Too often parents do not prioritise financial literacy when raising their children, and most of the time, this valuable knowledge isn’t taught in schools either. This lack of financial education means that many young adults find themselves feeling lost when attempting to navigate the adult world and manage their own money for the first time.
Regardless of whether a young person chooses to attend university, begin full-time work or take some time to travel and see the world, having a solid financial plan in place will be vital to their future success.
Credit Card Trap
Leaving school, moving away from home and studying can be incredibly exciting for a young person. However, it’s a time when many find themselves falling into a lifelong habit of living on credit and being trapped in debt.
I was one of the lucky ones. From an early age, my parents actively discouraged me from taking out a credit card and this continued into my university experience. Others were not as fortunate.
To many young people, the idea of taking out a credit card sounds fantastic. They can buy things now and pay for them later. Credit cards might be presented as a simple way to ease the financial strain of university costs: tuition, books, living expenses, etc. In addition, they’re told that using a credit card can actually improve their credit score. What’s not to love?
However, in spite of all these apparent positives, credit card debt is a serious problem, afflicting more than 37% of young people in the UK, with that figure increasing to 67% when factors such as mortgages and student loans are considered. It’s estimated that, on average, each young person between the ages of 18-24 owes £2,989, and a third of them have no plan for paying it off.
Debt and loan repayment problems aren’t limited only to those who move into further education; financial problems can affect all young people. Whether studying, caring for family members, or working full-time, many 18-24-year-olds find themselves over-indebted. Among those responsible for paying household bills, one in ten young people have missed one or more of their payments, and the same percentage have missed loan repayments.
Where to Get Help
While it’s clear that debt is an important issue for 18–24-year-olds, they may not know where to go for help with personal finances and budgeting. As many as 67% of young people ask their parents for financial advice, with only 2% approaching professional organisations that provide money or debt advice.
Whilst relying on parental advice is the easiest option, it may not always be the best; Often, parents are products of the same lack of financial education. They can’t teach their children what they don’t understand themselves.
Financial Concepts for Young People
The good news is that young people don’t have to struggle financially as they enter into adulthood. With a bit of financial education, they can learn the basic concepts of money management that will stand them in good stead throughout their lives and break the cycle of financial illiteracy.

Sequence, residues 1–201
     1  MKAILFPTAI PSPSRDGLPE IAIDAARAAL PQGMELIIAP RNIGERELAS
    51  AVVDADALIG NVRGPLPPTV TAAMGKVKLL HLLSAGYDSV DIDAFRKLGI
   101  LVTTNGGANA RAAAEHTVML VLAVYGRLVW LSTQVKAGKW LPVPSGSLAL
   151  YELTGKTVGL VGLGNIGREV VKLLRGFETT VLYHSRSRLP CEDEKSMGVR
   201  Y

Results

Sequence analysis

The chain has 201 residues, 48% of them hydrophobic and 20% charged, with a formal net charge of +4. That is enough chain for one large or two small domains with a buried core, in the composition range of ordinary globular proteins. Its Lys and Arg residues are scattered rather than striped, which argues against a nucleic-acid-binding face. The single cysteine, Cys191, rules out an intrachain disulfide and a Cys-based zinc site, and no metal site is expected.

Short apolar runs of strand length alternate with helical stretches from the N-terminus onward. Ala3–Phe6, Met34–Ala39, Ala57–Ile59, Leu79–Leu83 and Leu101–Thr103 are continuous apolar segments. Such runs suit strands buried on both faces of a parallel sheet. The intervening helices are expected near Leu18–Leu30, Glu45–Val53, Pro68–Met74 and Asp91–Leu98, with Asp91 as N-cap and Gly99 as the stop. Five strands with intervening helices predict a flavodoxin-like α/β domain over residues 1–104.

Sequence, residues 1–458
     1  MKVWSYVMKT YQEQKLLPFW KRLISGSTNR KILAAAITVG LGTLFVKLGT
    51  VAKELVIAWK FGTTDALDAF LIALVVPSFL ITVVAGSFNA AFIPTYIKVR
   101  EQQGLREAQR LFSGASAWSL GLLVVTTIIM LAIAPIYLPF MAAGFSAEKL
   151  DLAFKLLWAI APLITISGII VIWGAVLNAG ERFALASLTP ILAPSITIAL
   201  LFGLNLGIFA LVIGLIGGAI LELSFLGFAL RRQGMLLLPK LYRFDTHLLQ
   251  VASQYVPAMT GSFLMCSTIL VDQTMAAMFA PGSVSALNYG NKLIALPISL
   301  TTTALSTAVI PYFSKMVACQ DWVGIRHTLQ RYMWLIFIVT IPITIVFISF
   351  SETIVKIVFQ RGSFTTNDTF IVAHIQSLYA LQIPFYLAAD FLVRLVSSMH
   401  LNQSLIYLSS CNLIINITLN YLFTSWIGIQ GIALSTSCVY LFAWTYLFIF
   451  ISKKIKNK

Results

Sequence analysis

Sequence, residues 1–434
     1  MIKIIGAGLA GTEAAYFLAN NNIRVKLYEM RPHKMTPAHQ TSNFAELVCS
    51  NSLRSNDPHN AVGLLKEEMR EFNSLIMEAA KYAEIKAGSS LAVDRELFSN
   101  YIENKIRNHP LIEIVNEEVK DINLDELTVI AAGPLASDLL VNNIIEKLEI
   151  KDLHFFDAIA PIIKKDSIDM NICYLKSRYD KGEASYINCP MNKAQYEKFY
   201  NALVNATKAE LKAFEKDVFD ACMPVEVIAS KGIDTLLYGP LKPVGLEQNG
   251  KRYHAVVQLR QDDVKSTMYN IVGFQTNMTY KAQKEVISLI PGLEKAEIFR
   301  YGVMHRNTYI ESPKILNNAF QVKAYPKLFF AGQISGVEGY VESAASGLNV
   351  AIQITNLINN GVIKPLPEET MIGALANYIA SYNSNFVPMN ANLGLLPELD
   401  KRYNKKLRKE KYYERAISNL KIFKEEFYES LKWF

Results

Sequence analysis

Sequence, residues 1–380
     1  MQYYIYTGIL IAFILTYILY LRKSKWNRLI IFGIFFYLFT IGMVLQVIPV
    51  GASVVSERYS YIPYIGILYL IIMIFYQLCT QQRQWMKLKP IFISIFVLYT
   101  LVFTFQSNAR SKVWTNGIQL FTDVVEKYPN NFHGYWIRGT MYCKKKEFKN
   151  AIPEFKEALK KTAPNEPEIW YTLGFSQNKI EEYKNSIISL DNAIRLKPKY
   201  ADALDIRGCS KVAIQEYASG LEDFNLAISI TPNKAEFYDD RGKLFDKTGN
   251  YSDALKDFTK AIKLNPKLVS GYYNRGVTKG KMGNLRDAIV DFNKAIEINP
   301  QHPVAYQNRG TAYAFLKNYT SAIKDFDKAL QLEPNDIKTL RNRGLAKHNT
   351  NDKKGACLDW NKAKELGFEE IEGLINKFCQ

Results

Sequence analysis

Below are some basic skills that all young people should master
BUDGETING – Before you can begin your financial plan, you must know how much you are earning, how much you are spending, and what you are spending it on. You can use our Genistar budgeting form which we call the Fat Finder because it helps you identify the ‘fat’ or excess in your spending.
FINANCIAL GOAL SETTING – Setting financial goals helps you focus and gives you direction. A goal without a plan is just a wish, so identify your goal, then plan the steps you will take to reach it. Plot them on a chart so you can track your progress. Read: Goal Setting in 8 Easy Steps.
GET OUT OF DEBT – It’s easy to let your debt get out of control, but with a bit of knowledge and a plan, you can conquer it. Ask your Genistar representative to show you the fastest way to accelerate your debt with the free Financial Game Plan Debt Accelerator. Read: Tips for Living Below Your Means.
BEGIN INVESTING – Investing is another behaviour that is best started early. Investing at a young age allows the money to grow and compound over time. If a 20-year-old invests £100 per month (in a retirement fund at 4% compound interest), at age 67 they would have £166,000.* If a 40-year-old invests the same amount per month at the same interest rate, at age 67 they would have only £58,200.* If you would like to find out more about compound interest and how it works, please refer to Invest £100 per Month for Retirement.
INSURE WHAT’S IMPORTANT – Make sure the things that are most important to you are covered: your life, your health, your home…
For a young person with no previous experience, money management may seem daunting. However, the concepts are easy to master, and the sooner good financial habits are established, the better.
If you would like help with getting started, contact your Genistar representative. Genistar offers a complimentary Financial Game Plan to all of our clients and their families to help you begin your journey towards financial freedom.
*Note: These figures are based on the following assumptions: The money is invested in a retirement account at 4% return and doesn’t account for taxes and other fees.